Banned Books Week 2021

Celebrate Banned Books Week: Sept. 26 - Oct. 2

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Banned Books Week is an annual event celebrating the freedom to read. Banned Books Week was launched in 1982 in response to a sudden surge in the number of challenges to books in schools, bookstores and libraries. Banned Books Week highlights the value of free and open access to information. Banned Books Week brings together the entire book community — librarians, booksellers, publishers, journalists, teachers, and readers of all types — in shared support of the freedom to seek and to express ideas, even those some consider unorthodox or unpopular.

Celebrate the freedom to read by exploring the Kramer Family Library’s Graphic Novel, Young Adult, and Popular Reading collections. You can also find more to read at with your Pikes Peak Public Library College Account.

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Banned Books Week 2021 will be held September 26 – October 2. The theme of this year’s event is “Books Unite Us. Censorship Divides Us.”

By focusing on efforts across the country to remove or restrict access to books, Banned Books Week draws national attention to the harms of censorship.

The Top 10 Challenged Books of 2020 are:

  1. George by Alex Gino. Challenged, banned, and restricted for LGBTQIA+ content, conflicting with a religious viewpoint, and not reflecting “the values of our community.”
  2. Stamped: Racism, Antiracism, and You by Ibram X. Kendi and Jason Reynolds. Banned and challenged because of the author’s public statements and because of claims that the book contains “selective storytelling incidents” and does not encompass racism against all people.
  3. All American Boys by Jason Reynolds and Brendan Kiely. Banned and challenged for profanity, drug use, and alcoholism and because it was thought to promote antipolice views, contain divisive topics, and be “too much of a sensitive matter right now.”
  4. Speak by Laurie Halse Anderson. Banned, challenged, and restricted because it was thought to contain a political viewpoint, it was claimed to be biased against male students, and it included rape and profanity.
  5. The Absolutely True Diary of a Part-Time Indian by Sherman Alexie. Banned and challenged for profanity, sexual references, and allegations of sexual misconduct on the part of the author.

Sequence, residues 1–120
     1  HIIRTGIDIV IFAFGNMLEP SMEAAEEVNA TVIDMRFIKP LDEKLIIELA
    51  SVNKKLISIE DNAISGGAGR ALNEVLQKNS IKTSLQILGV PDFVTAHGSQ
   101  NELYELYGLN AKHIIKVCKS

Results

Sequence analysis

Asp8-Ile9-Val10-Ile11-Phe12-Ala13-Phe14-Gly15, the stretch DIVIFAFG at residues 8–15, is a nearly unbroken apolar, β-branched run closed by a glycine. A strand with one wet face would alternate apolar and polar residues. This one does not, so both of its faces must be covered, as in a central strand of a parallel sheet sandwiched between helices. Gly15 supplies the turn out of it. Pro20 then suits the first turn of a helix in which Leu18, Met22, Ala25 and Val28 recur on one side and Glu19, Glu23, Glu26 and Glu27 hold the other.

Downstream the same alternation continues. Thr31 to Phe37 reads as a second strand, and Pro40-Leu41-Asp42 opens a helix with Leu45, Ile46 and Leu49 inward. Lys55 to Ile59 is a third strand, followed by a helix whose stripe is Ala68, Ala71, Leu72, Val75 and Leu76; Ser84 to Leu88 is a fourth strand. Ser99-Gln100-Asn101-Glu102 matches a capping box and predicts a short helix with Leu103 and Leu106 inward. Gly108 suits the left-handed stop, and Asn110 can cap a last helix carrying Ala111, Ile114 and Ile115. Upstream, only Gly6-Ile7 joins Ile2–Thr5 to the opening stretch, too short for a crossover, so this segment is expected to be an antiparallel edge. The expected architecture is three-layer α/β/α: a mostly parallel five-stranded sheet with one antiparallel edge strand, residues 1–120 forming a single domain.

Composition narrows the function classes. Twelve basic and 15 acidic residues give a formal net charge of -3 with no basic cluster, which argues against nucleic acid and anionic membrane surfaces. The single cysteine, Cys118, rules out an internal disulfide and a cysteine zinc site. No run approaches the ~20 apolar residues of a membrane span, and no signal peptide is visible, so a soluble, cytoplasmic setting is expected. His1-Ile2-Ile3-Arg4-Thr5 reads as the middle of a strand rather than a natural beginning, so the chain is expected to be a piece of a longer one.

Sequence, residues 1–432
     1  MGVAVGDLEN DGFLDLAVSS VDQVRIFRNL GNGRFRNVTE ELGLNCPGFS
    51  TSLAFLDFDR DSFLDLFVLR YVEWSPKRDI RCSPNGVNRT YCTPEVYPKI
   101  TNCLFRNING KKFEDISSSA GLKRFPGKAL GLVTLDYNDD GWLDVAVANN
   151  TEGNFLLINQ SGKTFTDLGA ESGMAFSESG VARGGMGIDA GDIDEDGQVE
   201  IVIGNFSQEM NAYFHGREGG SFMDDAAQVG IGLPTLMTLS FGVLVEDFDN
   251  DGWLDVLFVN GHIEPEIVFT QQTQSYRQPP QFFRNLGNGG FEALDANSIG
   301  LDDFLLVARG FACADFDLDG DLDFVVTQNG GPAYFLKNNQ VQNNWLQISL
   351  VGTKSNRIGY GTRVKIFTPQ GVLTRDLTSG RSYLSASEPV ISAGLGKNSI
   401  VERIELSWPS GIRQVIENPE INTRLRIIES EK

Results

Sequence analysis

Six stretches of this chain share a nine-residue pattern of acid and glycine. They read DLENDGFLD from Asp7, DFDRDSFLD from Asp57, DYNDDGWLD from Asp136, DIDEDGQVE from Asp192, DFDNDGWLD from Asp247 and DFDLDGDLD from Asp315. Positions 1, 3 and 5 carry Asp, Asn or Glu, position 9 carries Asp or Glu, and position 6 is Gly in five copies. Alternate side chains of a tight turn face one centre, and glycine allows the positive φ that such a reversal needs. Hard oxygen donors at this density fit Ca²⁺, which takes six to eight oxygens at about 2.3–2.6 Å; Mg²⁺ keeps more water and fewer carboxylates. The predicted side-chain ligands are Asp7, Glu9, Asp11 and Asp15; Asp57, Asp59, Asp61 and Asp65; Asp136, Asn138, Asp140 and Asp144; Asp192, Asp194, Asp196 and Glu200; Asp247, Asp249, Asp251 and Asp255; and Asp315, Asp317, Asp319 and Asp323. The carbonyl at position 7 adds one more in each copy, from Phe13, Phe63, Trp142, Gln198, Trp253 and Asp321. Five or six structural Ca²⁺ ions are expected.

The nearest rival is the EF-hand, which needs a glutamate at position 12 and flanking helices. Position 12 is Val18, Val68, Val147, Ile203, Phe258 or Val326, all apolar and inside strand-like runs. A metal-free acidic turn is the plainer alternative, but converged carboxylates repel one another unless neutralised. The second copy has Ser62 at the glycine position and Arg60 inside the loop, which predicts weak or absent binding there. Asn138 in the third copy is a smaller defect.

6. Something Happened in Our Town: A Child’s Story about Racial Injustice by Marianne Celano, Marietta Collins, and Ann Hazzard, illustrated by Jennifer Zivoin. Challenged for “divisive language” and because it was thought to promote antipolice views.
  7. To Kill a Mockingbird by Harper Lee. Banned and challenged for racial slurs and their negative effect on students, featuring a “white savior” character, and its perception of the Black experience.
  8. Of Mice and Men by John Steinbeck. Banned and challenged for racial slurs and racist stereotypes and their negative effect on students.
  9. The Bluest Eye by Toni Morrison. Banned and challenged because it was considered sexually explicit and depicts child sexual abuse.
  10. The Hate U Give by Angie Thomas. Challenged for profanity, and because it was thought to promote an antipolice message.

Personal Statement from Library Staff Member Julia Bullock about the Captain Underpants Series

It’s Banned Books Week.  I’m a mom of 13- and 15-year-old kids, and I’ve made a practice of reading to them ever since they were small.  One of our big favorites for many years was the Captain Underpants series by Dav Pilkey.  The books are enjoyably hilarious for a wide range of ages, and they feature positive characterizations of kids who are neurodiverse.  Like many other banned children’s books, the Captain Underpants stories teach children to question authority.  The series has also been banned for featuring an openly gay character, containing offensive language (references to underpants), depicting partial nudity (a main character wears underpants and a cape), and depicting violence (kids whacking evil robots with wooden planks). 

Here’s the author, Dav Pilkey, discussing being banned: